5:46 PM EST, November 13, 2012
If image is everything, NASCAR has a problem.
Or maybe not.
I'm as conflicted as anyone else trying to connect the dots to logic in the post-race aftermath of those shenanigans at Phoenix.
Why is Jeff Gordon still in the starting grid for the series finale at Homestead this weekend after the havoc he caused in Phoenix? Is it because he is a classy four-time champion with no record of retaliatory paybacks? Or is it because NASCAR wanted to set up the drama of Jeff Gordon-Clint Bowyer: Retribution Day, with or without the HANS device?
Why on earth did Brad Keselowski get docked 25 grand for tweeting a picture form Phoenix when he has sent out tweets from races three other times without repercussions? Was it because it was finally sticking to Rule 20-6.7A, which bans drivers from keeping electronics of any sort in the car? Or was it because of his profane post-race rant addressing the nonsense between Gordon and Bowyer?
You can say this controversy is good for business because there's not much drama left in the Chase unless Keselowski makes a mistake or gets popped. The championship is his if he finishes 15th or higher, even if Johnson leads the race and leads the most laps.
The Gordon-Bowyer mayhem — started by Bowyer bumping into Gordon's car and followed by Gordon's deliberate retaliation — is certainly part of the old-school business model. Dale Earnhardt rose to iconic status by wrecking anybody who got in his way.
NASCAR has evolved since then, and some would say not in a good way. Attendance is down at many tracks, as fans have been turned off by the homogenous spin of things. The Gordon-Bowyer scuffle certainly perked up considerable interest, even from casual fans, and that is good.
Is this why NASCAR looked the other way? You have to ask the question because there are a bunch of people out there wondering how the heck Gordon got a free pass this Sunday.
"The image and integrity of the sport has to be protected and NASCAR has the responsibility to do that," FOX analyst Darrell Waltrip said.
I know Waltrip's credibility on this issue may appear shaky because his brother Michael is Bowyer's team owner. But the point is valid, and echoed elsewhere.
"Some lines were crossed that cannot be tolerated," Terry Blount wrote on ESPN.com. "NASCAR can't allow a mob mentality where an angry pit crew attacks another team's driver, as Bowyer's crew did on Gordon."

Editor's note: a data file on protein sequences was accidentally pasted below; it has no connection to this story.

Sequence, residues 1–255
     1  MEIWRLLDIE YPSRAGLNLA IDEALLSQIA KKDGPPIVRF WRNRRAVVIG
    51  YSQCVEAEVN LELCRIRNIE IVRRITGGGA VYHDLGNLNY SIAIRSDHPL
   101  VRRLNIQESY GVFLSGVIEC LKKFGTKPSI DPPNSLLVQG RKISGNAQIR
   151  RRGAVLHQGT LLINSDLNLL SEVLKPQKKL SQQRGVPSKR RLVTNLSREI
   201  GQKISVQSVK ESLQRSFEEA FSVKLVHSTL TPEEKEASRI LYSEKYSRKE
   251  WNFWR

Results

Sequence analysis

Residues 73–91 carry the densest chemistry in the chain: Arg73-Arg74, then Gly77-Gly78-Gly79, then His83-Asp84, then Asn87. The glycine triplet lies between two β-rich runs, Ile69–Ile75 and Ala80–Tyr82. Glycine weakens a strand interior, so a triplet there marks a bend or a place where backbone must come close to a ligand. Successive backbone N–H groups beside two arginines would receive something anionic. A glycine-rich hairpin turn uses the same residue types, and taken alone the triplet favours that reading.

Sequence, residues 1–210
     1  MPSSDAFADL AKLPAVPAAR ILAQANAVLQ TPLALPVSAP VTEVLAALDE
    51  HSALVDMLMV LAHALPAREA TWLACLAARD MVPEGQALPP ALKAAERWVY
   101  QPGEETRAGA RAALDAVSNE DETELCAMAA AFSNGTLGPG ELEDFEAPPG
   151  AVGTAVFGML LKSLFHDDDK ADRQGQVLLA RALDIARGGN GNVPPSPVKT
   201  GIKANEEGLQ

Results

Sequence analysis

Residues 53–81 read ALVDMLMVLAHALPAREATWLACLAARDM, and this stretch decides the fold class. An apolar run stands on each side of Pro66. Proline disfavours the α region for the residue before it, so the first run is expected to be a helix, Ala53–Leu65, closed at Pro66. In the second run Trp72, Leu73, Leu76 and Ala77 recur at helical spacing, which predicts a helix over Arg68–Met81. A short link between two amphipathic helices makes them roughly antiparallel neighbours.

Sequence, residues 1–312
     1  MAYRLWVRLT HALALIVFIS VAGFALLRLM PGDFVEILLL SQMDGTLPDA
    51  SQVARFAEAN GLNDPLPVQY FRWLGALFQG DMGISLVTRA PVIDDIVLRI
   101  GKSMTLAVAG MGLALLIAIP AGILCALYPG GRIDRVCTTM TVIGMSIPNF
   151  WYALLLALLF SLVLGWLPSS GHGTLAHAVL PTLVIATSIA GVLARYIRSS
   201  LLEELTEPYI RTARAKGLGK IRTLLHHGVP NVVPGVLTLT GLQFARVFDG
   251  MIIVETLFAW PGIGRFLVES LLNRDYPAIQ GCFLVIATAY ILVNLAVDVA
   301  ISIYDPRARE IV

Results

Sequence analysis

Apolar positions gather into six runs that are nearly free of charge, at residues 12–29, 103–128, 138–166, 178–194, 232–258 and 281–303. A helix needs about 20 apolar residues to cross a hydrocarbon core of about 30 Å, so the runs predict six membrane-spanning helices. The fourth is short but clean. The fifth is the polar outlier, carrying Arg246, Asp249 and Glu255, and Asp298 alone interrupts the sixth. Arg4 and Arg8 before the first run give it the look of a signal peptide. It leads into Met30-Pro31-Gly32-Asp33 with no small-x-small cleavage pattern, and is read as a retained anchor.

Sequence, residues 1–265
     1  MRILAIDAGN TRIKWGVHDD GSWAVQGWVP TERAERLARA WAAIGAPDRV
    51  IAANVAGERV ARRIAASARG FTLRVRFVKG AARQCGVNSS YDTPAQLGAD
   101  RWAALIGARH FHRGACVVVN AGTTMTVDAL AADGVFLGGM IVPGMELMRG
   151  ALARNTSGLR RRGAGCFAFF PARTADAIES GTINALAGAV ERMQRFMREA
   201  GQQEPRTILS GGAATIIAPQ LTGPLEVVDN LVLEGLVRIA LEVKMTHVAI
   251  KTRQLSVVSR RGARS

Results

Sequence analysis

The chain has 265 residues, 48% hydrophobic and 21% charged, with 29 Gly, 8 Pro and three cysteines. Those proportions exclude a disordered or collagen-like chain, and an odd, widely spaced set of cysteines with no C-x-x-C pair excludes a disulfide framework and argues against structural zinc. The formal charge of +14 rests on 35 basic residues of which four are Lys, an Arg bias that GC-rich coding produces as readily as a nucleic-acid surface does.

And so mob mentality and pitchforks it is, race fans.
NASCAR's business model now skews toward WWE as all the heroes and villains roll into South Florida for the final showdown.
As one fan wrote me in an email: "Maybe NASCAR is being light on the punishment for a reason. Bad publicity will get more people tuning in next week to see what happens. Maybe it's just all staged drama like pro wrestling."
I've got Gordon over Bowyer by a body-slam, and an upset victory for Johnson after NASCAR disqualifies Keselowski for having a rotary phone in his car.
Kevin Harvick and Richard Childress are sharing an awkward moment for a while. Think of them as an estranged couple: The divorce papers have been filed, but nobody has packed up and left just yet. The thing is, the awkward moment will last an entire year.
That's how long it will take Harvick to move from Richard Childress Racing to Stewart-Haas Racing. Nothing is quite official yet, but the comments from the two parties involved eliminates any guesswork.
"We can all talk about what's going to happen in 2014," Harvick said after winning in Phoenix last weekend. "We have 2012, we have 2013, and regardless of what happens on a business side of things, Richard Childress and myself will always be friends, good or bad, and may agree to disagree, but we still have a lot of racing left to do and we owe it to our sponsors and our company to go out and do exactly what we did today and be men and do the best we can for everybody."
"It's a business decision," Childress aid. "This is a business sport."
This should be a smooth transition for Harvick, who has driven for Childress throughout his 12-year career, starting under the most trying of circumstances: He replaced Dale Earnhardt following Earnhardt's death in the 2001 Daytona 500.
Harvick is good friends with Tony Stewart, so the switch makes sense from that perspective.
As for Childress, he won't have to look hard for replacements. Childress' grandsons — Nationwide Series driver Austin Dillon and Camping World Truck Series driver Ty Dillon — are being groomed for Cup rides, and Austin should be in line for a Cup ride in 2014.
But there is still some concern about the talent that has left the building. Clint Bowyer left to join Michael Waltrip Racing after RCR could not secure a sponsorship at the end of last season.
Childress Racing has not won a Cup title since 1994.
Kyle to stay?
Kyle Busch is another top driver would could be on the move, although J.D. Gibbs, the president of Joe Gibbs Racing, wants no part of that.
"I feel good that we'll get it all together,'' J.D. Gibbs said at Phoenix last weekend. ""I'm not going to say anything official, but we feel good about it.''
Busch is entering the last year of his contract in 2013. Any speculation that he might go to Stewart-Haas Racing in 2014 went belly up after Harvick's commitment.
NASCAR will have a lot more than left-handed turns to offer up this weekend as its version of Super Bowl week (apologies to Daytona) heads to South Florida.
Recording artists Daughtry and Frankie J will perform in the third annual NASCAR Championship DriveTM festival Thursday from 7 to 10 p.m. at Lummus Park on South Beach. The event is free.